I totally agree with you denak, having my particular mental illness the Order of the Phoenix is really meaningful to me and my daughter. Harry is desperate to have people tell him the truth about what is going on and no one will. For the first time I understand from the child's point of view how not saying something can be far worse than simply telling the truth. A lot of people are in one sense or another living like one of the characters. Hermione had muggle parents but they encouraged her in her talents as a witch. We can all learn from that. Guess what character I was at the midnight book releases and at Halloween. Wouldn't you like to be a metamorphismagnus, I think I got that right, like Tooks?

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denak 4 years, 9 months ago

I am one of those adult women who reads Harry Potter. In fact, right now, I am reading Half Blood Prince to my son in preparation for the midnight showing. I can't wait!

I love these books. They never fail to amaze me in how nuanced they are...in how many layers they have.

When I look back on my son's childhood, Harry Potter would have played a big role considering until they came out, I really couldn't get the kid to read. And for a mom who is a reader, having a child who doesn't like to read is like sticking a knife in her heart.

And as a foster mom, these books never failed me. I got every single one of my kiddos (those that could read) involved in the books and I can't tell you how many times I would have a kid swear he or she hated reading but within a few weeks, they would start to read them. Priceless.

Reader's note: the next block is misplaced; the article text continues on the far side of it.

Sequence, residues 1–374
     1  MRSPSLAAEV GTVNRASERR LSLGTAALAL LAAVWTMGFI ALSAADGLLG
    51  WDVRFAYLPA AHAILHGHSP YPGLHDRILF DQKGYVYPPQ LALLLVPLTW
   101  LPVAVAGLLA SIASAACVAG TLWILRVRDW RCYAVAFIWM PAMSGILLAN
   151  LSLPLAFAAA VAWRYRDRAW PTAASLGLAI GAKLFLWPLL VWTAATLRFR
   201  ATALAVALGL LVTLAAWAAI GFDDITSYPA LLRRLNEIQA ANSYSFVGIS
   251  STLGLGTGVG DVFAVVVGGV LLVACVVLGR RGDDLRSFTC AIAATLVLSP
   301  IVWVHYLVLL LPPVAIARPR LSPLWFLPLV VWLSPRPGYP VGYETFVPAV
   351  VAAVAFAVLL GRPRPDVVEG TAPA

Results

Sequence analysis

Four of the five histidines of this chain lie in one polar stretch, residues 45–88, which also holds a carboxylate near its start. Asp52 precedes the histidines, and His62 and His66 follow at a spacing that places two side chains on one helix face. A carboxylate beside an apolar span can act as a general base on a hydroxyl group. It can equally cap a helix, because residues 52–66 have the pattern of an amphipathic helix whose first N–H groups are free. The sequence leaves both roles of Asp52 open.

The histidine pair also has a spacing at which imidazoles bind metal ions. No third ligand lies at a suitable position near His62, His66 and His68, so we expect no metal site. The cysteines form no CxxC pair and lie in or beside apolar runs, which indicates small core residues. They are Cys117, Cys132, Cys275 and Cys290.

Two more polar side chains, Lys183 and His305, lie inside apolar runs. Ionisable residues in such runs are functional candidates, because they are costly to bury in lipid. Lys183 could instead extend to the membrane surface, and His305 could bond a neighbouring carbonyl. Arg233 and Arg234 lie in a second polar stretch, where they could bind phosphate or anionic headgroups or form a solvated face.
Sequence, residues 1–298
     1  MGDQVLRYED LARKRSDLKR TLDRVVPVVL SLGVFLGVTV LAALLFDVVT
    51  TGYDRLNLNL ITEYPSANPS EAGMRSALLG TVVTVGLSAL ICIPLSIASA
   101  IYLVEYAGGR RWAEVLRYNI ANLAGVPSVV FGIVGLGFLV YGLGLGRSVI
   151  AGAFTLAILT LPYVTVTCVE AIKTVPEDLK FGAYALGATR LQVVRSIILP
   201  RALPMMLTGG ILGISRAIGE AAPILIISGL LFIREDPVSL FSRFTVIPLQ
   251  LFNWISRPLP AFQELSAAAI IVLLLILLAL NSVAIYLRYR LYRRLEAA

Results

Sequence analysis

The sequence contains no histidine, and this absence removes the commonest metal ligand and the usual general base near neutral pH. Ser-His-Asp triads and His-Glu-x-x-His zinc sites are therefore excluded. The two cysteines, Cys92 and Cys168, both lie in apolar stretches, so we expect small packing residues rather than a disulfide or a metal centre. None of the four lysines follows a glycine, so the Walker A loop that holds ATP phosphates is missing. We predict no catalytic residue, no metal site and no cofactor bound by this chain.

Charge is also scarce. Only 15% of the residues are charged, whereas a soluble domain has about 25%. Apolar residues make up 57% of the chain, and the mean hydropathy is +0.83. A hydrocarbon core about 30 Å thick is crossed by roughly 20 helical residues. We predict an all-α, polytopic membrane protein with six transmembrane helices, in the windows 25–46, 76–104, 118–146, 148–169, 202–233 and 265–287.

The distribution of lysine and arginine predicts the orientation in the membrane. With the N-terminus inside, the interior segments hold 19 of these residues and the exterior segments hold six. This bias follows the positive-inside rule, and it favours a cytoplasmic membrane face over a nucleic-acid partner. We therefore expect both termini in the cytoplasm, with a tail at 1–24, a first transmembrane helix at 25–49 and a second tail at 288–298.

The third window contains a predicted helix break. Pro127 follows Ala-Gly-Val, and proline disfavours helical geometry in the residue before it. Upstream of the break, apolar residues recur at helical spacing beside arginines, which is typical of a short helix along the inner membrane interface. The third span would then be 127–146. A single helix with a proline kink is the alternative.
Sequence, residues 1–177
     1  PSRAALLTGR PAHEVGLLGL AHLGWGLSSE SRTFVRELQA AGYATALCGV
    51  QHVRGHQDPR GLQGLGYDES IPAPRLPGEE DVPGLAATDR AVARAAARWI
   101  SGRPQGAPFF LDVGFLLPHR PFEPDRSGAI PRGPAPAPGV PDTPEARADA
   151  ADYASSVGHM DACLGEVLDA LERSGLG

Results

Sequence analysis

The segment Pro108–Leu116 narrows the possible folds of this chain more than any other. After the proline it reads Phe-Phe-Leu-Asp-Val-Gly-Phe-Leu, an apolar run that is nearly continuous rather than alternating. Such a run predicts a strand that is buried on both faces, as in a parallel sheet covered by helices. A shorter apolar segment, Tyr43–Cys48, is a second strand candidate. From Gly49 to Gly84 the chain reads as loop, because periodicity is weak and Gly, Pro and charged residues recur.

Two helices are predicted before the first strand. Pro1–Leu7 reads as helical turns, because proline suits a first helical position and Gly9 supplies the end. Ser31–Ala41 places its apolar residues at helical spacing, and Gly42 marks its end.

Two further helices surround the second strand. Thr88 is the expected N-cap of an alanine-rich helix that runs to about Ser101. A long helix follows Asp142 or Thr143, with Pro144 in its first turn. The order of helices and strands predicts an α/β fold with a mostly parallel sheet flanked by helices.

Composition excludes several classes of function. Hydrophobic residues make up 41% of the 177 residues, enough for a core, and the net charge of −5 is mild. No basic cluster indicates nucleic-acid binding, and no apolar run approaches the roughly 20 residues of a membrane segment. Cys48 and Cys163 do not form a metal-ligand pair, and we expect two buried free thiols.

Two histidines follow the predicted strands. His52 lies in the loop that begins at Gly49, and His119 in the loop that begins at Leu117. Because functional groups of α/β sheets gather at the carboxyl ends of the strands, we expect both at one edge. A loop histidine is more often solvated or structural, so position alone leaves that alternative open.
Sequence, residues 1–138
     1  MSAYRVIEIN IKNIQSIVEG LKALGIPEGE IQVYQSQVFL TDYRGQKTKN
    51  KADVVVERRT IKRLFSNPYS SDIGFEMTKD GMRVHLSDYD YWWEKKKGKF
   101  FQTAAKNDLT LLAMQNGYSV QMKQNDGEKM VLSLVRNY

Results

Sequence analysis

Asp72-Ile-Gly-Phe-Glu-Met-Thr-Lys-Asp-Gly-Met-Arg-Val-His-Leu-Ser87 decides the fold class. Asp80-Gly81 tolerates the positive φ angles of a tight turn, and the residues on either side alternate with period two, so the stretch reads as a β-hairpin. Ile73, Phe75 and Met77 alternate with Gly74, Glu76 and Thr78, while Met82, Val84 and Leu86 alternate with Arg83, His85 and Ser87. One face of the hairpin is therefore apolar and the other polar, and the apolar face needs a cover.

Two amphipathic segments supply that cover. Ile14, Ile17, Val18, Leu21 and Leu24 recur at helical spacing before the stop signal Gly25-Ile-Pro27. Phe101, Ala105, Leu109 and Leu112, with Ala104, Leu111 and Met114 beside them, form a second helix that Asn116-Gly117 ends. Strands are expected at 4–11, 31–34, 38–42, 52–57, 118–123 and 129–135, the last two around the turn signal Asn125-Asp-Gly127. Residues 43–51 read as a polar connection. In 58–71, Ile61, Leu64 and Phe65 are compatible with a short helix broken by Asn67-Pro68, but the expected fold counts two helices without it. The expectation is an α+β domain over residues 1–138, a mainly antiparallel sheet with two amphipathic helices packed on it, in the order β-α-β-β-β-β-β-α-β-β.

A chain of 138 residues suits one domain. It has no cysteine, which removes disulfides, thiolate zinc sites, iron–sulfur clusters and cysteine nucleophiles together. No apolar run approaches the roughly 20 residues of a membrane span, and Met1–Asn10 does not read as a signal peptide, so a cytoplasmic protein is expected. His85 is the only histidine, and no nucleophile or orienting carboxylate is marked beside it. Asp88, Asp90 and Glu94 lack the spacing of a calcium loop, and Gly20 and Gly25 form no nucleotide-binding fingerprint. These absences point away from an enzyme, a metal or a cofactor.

So, on Tuesday night, I and my son will be standing in line for the midnight showing(which we have never missed) and will be one of those people Henry Rollins hates. :0)

And I couldn't be happier about it!

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Leslie Swearingen 4 years, 9 months ago

Thank you so much labmonkey for the link. It made my day, really it did. I am remembering what Harry said when asked why he didn't blow someone out of the sky with his wand, "I don't squash people who get in my way. That's Voldemorts job." Do you have slitted nostrils?

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Leslie Swearingen 4 years, 9 months ago

I am sixty-three own all the books and have gone though the series four times. I also own the other books about Hogwarts and Harry. I am very impressed by the word play in the books and how each characters name means something. The name of the spells come from Latin and Arabic. The herbs are for the most part real, though she does make up a few. The story behind the Mandrake root is fascinating.